Hot Rod Checker
As far as I knew in March 2000, I was perfectly
happy with the cars I owned: a 1997 Nissan Quest minivan, and a 1994 Ford
Aspire – the latter so named, I suppose, because it aspired to be a car
when it grew up. I bought it because it was the best cheap car I could
find to get my wife reliably to work and back in Washington DC. I bought
the van to drive my family back to Los Angeles from Maryland towing a small
sailboat. The Aspire had a 5-speed, and I figured to teach my daughters
to drive in it. Or I did until my wife got it sandwiched on the 405 in LA.
It drove fine afterwards, but it was totaled. That’s what you
get with “crumple zones”: no one hurt, but the car was toast. I was devastated.
I wanted that car. I couldn’t afford a new car. I moped for three days
until my exasperated wife said:
“Look, it’s gone. Get over it. We have to get another car. What
kind of car do you WANT?”
It was not a question I had entertained, focused as I was on
another Aspire, but after a moment’s thought I felt a little spark in the
nether regions of my brain:
“A Checker wagon.”
“Well, have you LOOKED???”
No, I hadn’t. So I walked upstairs, flipped
on the computer, googled “Checker automobiles for sale”, and there it
was: a 1965 Checker wagon, one owner, showroom original except for paint,
always garaged, everything reputedly working, 61,790 California miles,
no rust, $9500. The ad was three weeks old. The price was the only thing
I didn’t like. I was thinking maybe $5000.
Original owners Frank & Esther Haines
Esther liked bright colors, and painted the car Lime Green
This is how it looked after the middle-man repainted it.
A couple weeks later my brother and I were
on our way north to Mt Shasta, CA with a $7500 cashier’s check, $2000
in cash, and the naïve notion that I was going to negotiate the guy
down. But he was a middle man and attached to nothing but money. He’d already
swindled Esther’s guileless granddaughter Cheryl, and I was next on his
list, so any “negotiation” required finding defects not previously disclosed.
The only thing not working was the overdrive solenoid, so I offered $9200,
he accepted, and the deal was done. Screw it, I thought, he’s
got the money, but I’ve got the car.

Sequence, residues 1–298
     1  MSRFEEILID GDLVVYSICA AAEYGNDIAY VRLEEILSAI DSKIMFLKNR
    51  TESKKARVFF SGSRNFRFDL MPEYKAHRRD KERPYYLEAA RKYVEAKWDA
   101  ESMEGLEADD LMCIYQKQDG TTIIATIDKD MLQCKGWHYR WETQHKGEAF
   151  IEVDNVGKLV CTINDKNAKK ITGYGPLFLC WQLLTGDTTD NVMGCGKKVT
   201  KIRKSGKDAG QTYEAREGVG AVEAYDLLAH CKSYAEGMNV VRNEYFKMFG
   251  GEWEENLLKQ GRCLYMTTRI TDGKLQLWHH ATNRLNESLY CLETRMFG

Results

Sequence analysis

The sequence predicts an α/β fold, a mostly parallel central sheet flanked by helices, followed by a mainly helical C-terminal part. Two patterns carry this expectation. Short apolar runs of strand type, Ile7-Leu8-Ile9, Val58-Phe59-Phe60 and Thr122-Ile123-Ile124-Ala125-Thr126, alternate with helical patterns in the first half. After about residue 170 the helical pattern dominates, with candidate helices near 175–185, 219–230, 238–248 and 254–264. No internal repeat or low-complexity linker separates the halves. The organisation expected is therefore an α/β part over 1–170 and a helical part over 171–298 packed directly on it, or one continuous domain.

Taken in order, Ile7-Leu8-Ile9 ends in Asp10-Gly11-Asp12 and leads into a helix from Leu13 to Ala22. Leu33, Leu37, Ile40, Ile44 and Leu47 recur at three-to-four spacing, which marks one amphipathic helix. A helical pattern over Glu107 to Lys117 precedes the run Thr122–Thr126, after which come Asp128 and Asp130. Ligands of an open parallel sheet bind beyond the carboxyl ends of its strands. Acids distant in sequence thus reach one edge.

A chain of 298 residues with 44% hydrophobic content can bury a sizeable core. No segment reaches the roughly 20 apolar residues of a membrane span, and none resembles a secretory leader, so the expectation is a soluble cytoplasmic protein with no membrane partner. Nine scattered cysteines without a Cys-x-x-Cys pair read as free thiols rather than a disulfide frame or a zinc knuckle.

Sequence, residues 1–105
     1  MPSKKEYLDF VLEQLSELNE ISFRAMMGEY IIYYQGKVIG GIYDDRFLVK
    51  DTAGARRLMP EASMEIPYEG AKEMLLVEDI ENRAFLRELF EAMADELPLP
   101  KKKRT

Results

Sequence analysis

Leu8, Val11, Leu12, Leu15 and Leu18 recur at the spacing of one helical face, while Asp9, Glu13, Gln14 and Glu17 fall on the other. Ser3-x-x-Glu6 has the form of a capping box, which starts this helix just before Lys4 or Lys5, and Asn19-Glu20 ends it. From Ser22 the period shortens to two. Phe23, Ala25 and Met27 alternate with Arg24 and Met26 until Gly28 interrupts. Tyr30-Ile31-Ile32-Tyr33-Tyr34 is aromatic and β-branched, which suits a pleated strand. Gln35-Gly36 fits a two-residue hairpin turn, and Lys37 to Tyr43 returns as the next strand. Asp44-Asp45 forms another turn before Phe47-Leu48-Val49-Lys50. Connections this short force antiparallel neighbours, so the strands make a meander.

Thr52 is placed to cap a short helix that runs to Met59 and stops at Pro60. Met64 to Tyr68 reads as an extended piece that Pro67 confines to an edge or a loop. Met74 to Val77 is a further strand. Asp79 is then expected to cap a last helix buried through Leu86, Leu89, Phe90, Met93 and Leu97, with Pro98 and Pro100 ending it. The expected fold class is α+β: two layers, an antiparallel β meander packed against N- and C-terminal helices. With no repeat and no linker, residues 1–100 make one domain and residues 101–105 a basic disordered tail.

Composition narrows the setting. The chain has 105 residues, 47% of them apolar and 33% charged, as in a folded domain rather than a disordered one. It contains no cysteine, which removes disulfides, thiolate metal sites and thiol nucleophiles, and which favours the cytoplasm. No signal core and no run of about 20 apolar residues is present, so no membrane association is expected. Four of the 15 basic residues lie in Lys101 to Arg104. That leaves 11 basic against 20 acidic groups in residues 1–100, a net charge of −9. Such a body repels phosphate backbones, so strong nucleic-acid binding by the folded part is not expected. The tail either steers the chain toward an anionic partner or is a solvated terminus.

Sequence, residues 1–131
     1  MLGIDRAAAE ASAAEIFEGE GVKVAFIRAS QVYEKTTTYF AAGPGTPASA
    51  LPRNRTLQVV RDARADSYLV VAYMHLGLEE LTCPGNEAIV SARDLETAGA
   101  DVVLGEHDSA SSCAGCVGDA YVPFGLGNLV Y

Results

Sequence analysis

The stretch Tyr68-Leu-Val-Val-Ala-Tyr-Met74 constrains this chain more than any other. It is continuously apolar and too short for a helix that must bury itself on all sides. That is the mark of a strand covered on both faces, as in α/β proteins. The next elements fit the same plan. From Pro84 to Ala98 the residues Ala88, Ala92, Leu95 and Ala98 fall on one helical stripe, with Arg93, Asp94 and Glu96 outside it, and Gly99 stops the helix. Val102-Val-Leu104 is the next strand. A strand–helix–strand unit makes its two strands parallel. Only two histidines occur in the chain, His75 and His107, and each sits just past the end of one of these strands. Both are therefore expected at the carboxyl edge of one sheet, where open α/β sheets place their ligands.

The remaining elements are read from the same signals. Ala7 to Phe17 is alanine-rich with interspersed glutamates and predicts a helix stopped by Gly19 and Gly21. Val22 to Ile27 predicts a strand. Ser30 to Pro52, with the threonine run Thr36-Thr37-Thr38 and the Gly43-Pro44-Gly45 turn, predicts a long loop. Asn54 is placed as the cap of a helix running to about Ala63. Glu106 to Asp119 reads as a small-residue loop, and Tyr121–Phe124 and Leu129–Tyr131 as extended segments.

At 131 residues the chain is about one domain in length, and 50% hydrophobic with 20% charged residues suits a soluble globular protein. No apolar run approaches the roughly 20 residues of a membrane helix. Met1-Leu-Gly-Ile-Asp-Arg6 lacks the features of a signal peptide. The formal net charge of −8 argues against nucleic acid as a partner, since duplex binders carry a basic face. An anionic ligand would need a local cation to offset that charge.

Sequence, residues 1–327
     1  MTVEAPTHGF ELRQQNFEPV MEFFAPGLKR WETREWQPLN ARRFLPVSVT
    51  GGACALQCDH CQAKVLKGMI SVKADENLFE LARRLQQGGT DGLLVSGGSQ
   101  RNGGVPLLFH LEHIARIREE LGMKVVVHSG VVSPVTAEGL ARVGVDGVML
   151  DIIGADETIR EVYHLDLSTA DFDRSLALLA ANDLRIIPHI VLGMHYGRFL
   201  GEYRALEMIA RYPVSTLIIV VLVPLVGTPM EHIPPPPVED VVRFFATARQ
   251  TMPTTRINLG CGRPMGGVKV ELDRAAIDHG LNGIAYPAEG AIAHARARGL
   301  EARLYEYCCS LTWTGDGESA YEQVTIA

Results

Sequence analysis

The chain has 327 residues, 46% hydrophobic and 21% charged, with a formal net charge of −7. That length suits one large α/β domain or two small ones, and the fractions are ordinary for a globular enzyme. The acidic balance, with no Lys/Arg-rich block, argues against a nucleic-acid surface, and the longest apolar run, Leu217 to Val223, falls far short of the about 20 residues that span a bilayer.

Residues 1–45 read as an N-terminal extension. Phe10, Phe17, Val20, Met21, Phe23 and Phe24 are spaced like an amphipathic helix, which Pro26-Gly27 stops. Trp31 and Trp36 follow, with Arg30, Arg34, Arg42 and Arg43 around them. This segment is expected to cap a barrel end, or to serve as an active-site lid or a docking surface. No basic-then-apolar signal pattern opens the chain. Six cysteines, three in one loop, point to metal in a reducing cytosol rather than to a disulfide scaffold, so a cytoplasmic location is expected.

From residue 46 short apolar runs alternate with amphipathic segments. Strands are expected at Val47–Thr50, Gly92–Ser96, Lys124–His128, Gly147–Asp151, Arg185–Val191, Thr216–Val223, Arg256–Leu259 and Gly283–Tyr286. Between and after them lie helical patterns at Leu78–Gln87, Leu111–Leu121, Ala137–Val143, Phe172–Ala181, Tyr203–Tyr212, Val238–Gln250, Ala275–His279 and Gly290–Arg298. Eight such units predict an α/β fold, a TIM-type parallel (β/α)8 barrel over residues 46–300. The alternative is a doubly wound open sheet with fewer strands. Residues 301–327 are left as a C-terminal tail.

I drove it 610 miles back to LA at 60 mph with no OD, the 283
V8 turning 3250 rpm on a fortuitously cool, drizzly early May weekend,
the engine temperature skating up around 220 degrees. Once home I put
it on jacks, crawled under with a live 12 volt wire, and hot-wired the
overdrive. It was just sticky from four years of disuse after Esther died
in 1996. The fix took ten minutes.
On to bigger things. Joe Pollard, Mr. Checkerparts.com, had
impressed on me the importance of disk brakes, but being parsimonious
I decided to test his claim. I conducted a series of test stops starting
at 50 mph and moving up in 5 mph increments, resting the brakes thoroughly
in between. From 60 it was still passable. From 65 it could barely come
to a stop. From 70 I couldn’t get the car below 30 mph. It was as if the
brakes had been greased. Since freeway speed around here is 75 mph, it was
time to talk to Joe.
And so began the most protracted, expensive, and frustrating
automotive modification I’ve experienced in 31 years of messing around
with cars. Nine weeks and $5000 later I had my car back, and for quite awhile
I didn’t care if I never saw Joe or his friend Bobby Ellis at Family Automotive
again. The estimate had been $2200. The car was nearly three inches lower
in front with no increase in spring rate, the crossmember dragged on the
ground routinely, the turning radius was double what it had been, the brake
pads were dragging and wearing out, and the steering geometry was so cockeyed